With that said, the range of people you meet at Stanford is as diverse as it is anywhere else. Sure the distribution is skewed towards happy, skinny, liberal, fun-loving students but there's always going to be students as well that obsess over grades, binge drink, do hard drugs, brag about their accomplishments. Anything that you think Stanford is not – there probably is someone who does that here. And that's going to be true of every school. Wherever your son ends up, he'll find the people he wants to be with. So what I'm saying is this question is moot because we can generalize all day, but every person is an individual here at Stanford. And because of the vast diversity people have no problem finding their niches and cliques.
  • IgorSmerdyakovIgorSmerdyakov Registered User Posts: 55 Junior Member
    "@Igor... Sounding a little bitter today. What happened? Did someone at Stanford kick sand in your face? Just wondering... "

    Wonder, and too few do wonder, deserves my deep respect. So I answer: No, not at all bitter. Stanford pleasantly accepted me, and when I visited its pleasant campus all was indeed most pleasant-from the admissions officer to the zoology professor. It was also uninspiring, filled with folk as disinterested in driving to the nature of things as they were socially agreeable and amiably correct in all things a modern young 'un is cultured to be correct in. Those met there will no doubt develop into fine professionals, sharp lawyers, skilled doctors, competent bureaucrats, able engineers, successful businessmen. That is all admirable. But no genius. Nor even understanding of the distinction between genius and good studentry, between Perlman and the guy who scribbled "Art of Problem Solving", between the great scientists and the gentlemen who create hockey stick charts out of statistical whole cloth. And so, to parents hoping their children have a pleasant stroll through a training in the professional arts--free of other, troublesome, souls who cause one to.......well, to wonder -- then Stanford is near perfect in this regard.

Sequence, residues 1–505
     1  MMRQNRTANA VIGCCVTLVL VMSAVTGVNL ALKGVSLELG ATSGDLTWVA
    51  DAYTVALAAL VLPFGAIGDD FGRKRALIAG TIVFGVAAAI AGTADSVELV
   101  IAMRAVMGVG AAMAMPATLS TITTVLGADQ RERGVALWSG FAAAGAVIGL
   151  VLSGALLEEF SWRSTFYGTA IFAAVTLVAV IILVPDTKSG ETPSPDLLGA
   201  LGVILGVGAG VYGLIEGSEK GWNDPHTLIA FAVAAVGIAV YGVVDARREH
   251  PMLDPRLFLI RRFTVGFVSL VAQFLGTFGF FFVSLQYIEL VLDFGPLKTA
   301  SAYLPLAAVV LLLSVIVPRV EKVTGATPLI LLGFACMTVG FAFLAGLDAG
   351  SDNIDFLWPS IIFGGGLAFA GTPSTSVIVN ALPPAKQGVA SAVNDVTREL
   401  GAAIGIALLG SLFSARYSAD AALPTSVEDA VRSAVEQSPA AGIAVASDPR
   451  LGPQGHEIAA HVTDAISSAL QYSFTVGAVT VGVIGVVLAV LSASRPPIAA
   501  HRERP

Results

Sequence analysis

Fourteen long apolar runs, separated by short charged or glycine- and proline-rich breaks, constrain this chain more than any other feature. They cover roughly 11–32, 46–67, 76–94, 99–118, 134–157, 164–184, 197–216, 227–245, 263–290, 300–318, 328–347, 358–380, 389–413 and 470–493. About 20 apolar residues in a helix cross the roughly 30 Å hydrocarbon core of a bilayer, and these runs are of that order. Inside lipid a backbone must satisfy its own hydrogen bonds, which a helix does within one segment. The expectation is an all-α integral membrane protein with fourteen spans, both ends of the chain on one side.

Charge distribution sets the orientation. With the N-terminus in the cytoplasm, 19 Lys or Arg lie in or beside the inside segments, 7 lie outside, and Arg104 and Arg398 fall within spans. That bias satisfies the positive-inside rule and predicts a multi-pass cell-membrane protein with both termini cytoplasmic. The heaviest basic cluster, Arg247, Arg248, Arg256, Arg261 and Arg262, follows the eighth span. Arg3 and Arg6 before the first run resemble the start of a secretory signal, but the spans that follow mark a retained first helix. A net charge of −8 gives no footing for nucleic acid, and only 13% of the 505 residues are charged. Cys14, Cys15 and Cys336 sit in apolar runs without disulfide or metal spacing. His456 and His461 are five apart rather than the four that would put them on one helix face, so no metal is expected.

As for myself, that visit was most illuminating. There was, I saw, as CC enjoys phrasing it, a "lack of fit".
  • zenkoanzenkoan Registered User Posts: 1,118 Senior Member
    ^LOL, Igor. No one as pretentious and deluded as you sound could possibly exist, but I certainly enjoyed your caricature. Every year around decision time there appears this kind of obnoxious screed in this forum (and in the forums of Stanford's peer colleges), and it's entertaining every time. I trust you are practicing your "good studentry" (including your penchant for neologisms) in an institution worthy of your demonstrable genius!
  • DungareedollDungareedoll Registered User Posts: 926 Member
    Okay so heres another question. I just found out that Stanford in the largest campus in the US and the second largest in the world. So my question is as follows: Does stanford still have a "bubble" feeling? Or do you feel like you live in a large city of college students and getting from one place to the next is a bus ride? (ie. we visited Penn State. Its a great school, students were geniunely happy, but it was so spread out, that you felt like you needed to 'yoodle' to speak to a neighbor. We thouht the same of Cornell. Unlike a school like Tulane where theres 7000 kids in a very definite area and everything is a 1-15 minute walk in any direction. Whats it like for Stanford?

    Thanks
    (BTW we liked all the schools I mentioned. They just had different feelings due to their vastness or like there of.)